Thirty-one Ph+ ALL patients (female 10) diagnosed from January 2005 to December 2016 were included in the study. All patients were treated with imatinib and chemotherapy before HCT. Bone marrow (BM) evaluations included real-time quantitative polymerase chain reaction (RQ-PCR) study of the BCR-ABL1 fusion transcript. All patients received HCT with total body irradiation (TBI)-based conditioning at a median of 6.4 (range, 4.2–47.1) months from diagnosis.

Results

Compared to values at diagnosis, the median decrement of RQ-PCR value post-consolidation, and prior to HCT was −3.7 Log and −4.8 Log, respectively. The 5-year event-free survival (EFS) and overall survival of the patients were 64.5±9.4% (20/31) and 75.0±8.3% (23/31) respectively. Events included relapse (N=5) and death in CR post-HCT (N=6). The 5-year incidence of molecular relapse was 30.9±9.1% (9/31). An RQ-PCR decrement of at least −4 Log post-consolidation significantly predicted lower incidence of molecular relapse: 7.7±7.7% for ≥−4 Log decrement, 50.0±13.8% for <−4 Log decrement (P=0.027).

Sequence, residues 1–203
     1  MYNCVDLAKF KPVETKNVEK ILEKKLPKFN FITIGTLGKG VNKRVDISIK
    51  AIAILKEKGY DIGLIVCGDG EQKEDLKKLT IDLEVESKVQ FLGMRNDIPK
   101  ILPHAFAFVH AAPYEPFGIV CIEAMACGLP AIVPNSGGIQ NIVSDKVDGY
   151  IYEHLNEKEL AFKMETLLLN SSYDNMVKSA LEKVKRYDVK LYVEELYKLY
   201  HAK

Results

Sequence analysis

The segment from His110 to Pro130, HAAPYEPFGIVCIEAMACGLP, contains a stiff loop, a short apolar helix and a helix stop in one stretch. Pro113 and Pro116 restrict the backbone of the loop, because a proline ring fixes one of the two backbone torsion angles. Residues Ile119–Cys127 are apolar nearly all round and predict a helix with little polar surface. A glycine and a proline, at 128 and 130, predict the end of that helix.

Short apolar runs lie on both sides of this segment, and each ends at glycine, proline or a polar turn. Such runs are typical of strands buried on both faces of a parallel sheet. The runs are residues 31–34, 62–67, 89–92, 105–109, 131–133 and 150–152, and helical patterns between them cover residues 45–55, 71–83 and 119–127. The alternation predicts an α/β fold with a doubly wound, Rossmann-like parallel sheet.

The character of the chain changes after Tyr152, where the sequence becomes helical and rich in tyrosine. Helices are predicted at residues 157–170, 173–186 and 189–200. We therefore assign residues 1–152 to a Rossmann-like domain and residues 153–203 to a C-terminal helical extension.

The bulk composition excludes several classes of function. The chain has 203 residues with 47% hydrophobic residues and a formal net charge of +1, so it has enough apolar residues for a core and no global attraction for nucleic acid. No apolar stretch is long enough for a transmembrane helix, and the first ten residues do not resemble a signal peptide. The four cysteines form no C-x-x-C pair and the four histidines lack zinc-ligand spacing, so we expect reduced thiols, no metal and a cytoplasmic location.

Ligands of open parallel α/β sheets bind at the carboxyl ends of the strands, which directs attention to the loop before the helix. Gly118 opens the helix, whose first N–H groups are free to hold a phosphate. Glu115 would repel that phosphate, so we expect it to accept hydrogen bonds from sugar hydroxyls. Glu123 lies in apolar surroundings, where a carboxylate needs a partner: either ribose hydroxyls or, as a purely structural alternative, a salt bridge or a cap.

Conclusion

Decrement in RQ-PCR for the BCR-ABL1 transcript that was determined after consolidation was the only significant prognostic factor for incidence of molecular relapse. In the post-induction TKI initiation setting, steadfast imatinib treatment during consolidation may allow for optimum post-HCT outcomes.

Keywords: Acute lymphoblastic leukemia, Philadelphia chromosome, Children, RQ-PCR
INTRODUCTION